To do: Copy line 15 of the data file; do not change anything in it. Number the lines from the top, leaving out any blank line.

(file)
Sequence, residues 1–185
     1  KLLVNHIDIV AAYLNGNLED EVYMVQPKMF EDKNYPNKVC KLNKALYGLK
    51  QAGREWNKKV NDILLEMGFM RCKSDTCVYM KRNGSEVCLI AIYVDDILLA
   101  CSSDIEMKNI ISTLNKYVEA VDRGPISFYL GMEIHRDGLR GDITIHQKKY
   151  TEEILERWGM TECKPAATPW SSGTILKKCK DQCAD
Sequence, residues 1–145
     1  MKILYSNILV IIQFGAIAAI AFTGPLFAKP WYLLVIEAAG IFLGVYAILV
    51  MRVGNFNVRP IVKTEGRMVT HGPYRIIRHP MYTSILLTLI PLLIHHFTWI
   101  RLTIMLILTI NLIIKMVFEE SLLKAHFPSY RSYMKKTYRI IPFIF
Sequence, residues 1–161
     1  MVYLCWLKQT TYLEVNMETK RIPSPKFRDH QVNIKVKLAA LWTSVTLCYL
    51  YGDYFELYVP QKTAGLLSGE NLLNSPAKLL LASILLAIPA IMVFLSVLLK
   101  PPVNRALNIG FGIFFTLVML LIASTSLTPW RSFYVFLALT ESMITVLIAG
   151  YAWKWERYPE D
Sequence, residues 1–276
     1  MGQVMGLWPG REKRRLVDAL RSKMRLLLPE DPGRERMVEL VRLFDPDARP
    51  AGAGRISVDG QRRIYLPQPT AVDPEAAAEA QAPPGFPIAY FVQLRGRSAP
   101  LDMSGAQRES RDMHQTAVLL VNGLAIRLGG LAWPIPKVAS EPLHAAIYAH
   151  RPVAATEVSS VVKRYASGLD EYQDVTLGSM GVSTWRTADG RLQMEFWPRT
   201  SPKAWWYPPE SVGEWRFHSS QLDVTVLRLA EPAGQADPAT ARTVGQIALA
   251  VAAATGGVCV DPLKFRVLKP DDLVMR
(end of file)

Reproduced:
Sequence, residues 1–276